The Clinton administration sacrificed "reinventing government" to block deficit reduction.
"PRESIDENT CLINTON IS STARTING A revolution in government," said Vice President Al Gore last September. "It will fundamentally change the way government works." The reinventing government revolution was such a big deal it even got a nickname: REGO.
REGO was serious stuff--you don't drive forklifts on the White House lawn for just any government study. Al Gore, America's favorite funnyman, even appeared on The Late Show with David Letterman to pitch the REGO program. According to the press releases, REGO was going to save $108 billion and cut 252,000 federal positions. "This is one report that will not gather dust in a warehouse," said the president.
But, as the REGO report itself so eloquently quotes Ralph Waldo Emerson, "What you do thunders so loudly I cannot hear what you say to the contrary." And the administration's actions demonstrate that Clinton isn't really all that gung-ho on making government smaller.
Consider Clinton's legislative strategy for pushing REGO through Congress: There isn't one. To get reinventing-government guru David Osborne to sign on to the federal reinvention effort, Clinton and Gore had to promise that the recommendations would be presented to Congress as a coherent package and that Clinton would go to bat for them on the Hill. Neither promise has been kept. "The administration has no legislative strategy for REGO," says one insider close to Osborne. "The recommendations have been picked apart by Congress."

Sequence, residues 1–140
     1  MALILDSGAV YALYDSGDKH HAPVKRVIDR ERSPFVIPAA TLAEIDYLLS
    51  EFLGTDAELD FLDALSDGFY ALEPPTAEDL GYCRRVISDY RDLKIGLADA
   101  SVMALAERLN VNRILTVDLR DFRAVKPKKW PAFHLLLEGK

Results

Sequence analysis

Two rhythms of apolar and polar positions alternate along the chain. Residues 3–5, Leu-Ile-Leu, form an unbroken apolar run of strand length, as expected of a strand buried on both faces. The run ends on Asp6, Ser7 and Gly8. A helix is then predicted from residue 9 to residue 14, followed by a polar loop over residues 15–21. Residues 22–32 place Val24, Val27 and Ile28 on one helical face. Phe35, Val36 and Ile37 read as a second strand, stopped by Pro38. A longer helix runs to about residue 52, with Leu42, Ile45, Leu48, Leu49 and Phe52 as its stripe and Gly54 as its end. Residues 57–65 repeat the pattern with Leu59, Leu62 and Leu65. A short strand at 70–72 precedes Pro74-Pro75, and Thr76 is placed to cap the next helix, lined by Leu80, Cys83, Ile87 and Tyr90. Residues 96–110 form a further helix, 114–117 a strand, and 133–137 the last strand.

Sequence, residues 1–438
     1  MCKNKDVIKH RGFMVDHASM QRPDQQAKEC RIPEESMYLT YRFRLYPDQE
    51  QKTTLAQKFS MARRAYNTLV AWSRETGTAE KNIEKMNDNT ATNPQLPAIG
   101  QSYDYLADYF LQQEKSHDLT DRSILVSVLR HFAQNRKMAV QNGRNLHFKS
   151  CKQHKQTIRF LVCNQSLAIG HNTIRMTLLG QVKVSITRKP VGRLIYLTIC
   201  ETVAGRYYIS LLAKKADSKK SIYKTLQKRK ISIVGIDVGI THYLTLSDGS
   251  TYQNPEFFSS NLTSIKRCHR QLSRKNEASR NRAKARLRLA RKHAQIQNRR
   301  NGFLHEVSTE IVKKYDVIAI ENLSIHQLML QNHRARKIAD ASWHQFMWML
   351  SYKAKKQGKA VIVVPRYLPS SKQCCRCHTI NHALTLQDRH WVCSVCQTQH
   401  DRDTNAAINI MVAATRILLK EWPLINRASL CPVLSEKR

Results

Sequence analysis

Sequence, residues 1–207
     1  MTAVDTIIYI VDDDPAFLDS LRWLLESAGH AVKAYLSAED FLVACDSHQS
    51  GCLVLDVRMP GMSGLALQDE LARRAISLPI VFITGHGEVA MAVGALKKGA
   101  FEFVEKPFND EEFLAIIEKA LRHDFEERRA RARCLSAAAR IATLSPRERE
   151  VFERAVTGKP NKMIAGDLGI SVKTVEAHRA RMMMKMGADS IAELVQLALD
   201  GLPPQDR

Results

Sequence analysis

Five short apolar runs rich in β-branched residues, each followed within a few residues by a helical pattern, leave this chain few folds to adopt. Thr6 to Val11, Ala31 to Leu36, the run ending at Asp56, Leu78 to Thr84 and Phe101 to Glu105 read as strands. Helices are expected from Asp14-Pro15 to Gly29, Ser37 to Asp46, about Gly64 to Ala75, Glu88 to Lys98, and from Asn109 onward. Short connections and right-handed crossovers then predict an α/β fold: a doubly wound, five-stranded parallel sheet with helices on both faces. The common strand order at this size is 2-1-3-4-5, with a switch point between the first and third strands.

This situation could have been avoided if Clinton and Gore had insisted from the beginning on obtaining commission authority from Congress to present the REGO recommendations as a single package, as was done with the successful base-closure commission. This would have forced members of Congress to vote up or down on the entire package. Why didn't they?
"For one of two reasons," says Scott Hodge, a budget expert at the Heritage Foundation in Washington. "It either shows political naivete or a lack of sincerity regarding reinventing government--REGO as merely a political slogan." A clue: It wasn't political naivete.
REGO WAS SACRIFICED EARLY ON TO A much higher administration priority: to avoid budget cuts and deficit reduction at all cost. The worry was that if a REGO package were presented to Congress, Republicans would demand that the savings be applied to deficit reduction, a demand that Democrats couldn't openly...